Consider the following hypothetical:

  1. I start an S-corporation as sole owner and employee but contribute no initial capital or assets. My starting basis is $0. (My initial investment is my expertise, which alas is not monetarily quantifiable.)
  2. I pay myself a completely reasonable salary of $80,000 per year.
  3. The company invoices $130,000 for the year and has no expenses of any kind. (This isn't strictly true, but I want to keep it simple.) The company's portion of payroll taxes is $8,760 per year. This leaves a company profit of $41,240, i.e., (130,000 - (80,000 + 8,760)).

My understanding is that I will pay income tax on that $41,240 as a part of my total gross income, i.e., $80,000 + $41,240 = $121,240. I'd then take the usual deductions and figure out the income tax.

Now, here's the confusing part. Since my basis for the year is $0, my understanding is that if I distribute that $41,240, I also have to pay capital gains tax on it, since it is above my basis. This means I would be double-taxed on it, paying income tax and capital gains. This just does not seem right, but every example I read online seems to imply this.

Do I have to pay income tax and capital gains on distributions when my basis is $0?

1 Answer 1


No, you do not have to pay capital gains tax on the distributions. The basis increases from $0 to $41,240 due to the company's income, and then you decrease it back to $0 with the distribution.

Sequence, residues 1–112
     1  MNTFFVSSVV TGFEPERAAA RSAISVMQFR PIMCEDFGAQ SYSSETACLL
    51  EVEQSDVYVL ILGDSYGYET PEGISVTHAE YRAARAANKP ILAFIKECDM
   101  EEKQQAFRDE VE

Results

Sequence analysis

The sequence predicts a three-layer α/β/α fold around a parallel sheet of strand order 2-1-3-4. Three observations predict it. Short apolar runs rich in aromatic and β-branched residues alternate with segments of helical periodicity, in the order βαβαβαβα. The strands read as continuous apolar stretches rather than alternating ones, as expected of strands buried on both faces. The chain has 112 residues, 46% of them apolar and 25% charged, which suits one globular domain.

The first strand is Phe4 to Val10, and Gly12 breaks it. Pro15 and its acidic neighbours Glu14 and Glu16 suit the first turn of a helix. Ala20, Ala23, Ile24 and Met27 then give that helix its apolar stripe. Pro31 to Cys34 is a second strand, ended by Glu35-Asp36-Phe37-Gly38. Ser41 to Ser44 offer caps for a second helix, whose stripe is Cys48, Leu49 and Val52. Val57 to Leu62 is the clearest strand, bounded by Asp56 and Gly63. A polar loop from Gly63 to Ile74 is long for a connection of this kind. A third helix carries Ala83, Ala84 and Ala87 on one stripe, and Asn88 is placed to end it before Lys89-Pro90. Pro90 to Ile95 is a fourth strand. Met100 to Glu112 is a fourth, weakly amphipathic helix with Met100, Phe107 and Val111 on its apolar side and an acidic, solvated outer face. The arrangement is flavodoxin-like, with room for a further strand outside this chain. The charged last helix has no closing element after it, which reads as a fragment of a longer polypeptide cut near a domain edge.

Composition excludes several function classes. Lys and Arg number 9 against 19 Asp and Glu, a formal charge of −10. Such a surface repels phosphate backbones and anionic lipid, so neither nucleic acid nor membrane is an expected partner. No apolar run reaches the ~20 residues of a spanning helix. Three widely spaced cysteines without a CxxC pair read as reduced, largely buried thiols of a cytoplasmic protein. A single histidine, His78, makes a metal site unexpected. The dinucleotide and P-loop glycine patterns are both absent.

Income increases basis, and losses and distributions decrease basis. As long as you never distribute more than your basis, you will not have to pay capital gains on distributions.

As as side note, I calculate your company FICA at 1.45 Med and 6.2 SS = 7.65% of $80K = $6120. I realize you were using sample numbers but I'm not sure how you arrived at $8760 for payroll taxes.

  • I was playing fast and loose with "payroll taxes". That amount also includes SUTA, FUTA, etc. I arrived at the number by running a "test" payroll with my payroll processor to see what it would produce, then extrapolating. Commented Oct 26, 2019 at 23:24
  • For a single-owner/employee S-corp, it seems like it would be mathematically impossible to "distribute more than your basis". Or am I missing something? Commented Oct 26, 2019 at 23:29
  • 1
    @GregoryHigley Regarding SUTA/FUTA, they both max out relatively quickly so I doubt it would make much difference in your calculation. For example, SUTA in FL has a new company rate of 2.7% on the first $7K, and FUTA is effectively 0.6% on the first $7K (FUTA is 6% minus a 5.4% state credit). So combined SUTA and FUTA in FL would be at most 3.3% of $7000, or $231 per year per employee.
    – TTT
    Commented Oct 27, 2019 at 1:50
  • 2
    @GregoryHigley It's possible to distribute beyond basis if the company takes on debt. Suppose your basis is $0 and you take out a loan, and then use some of the loan for distributions; then you'd owe capital gains. But even that isn't absolute because if you're a sole owner you might be able to classify that distribution as a "company loan to officer" instead, and as long as you pay it back or cover it with future profits that you don't distribute, you could possibly avoid the capital gains.
    – TTT
    Commented Oct 27, 2019 at 2:01

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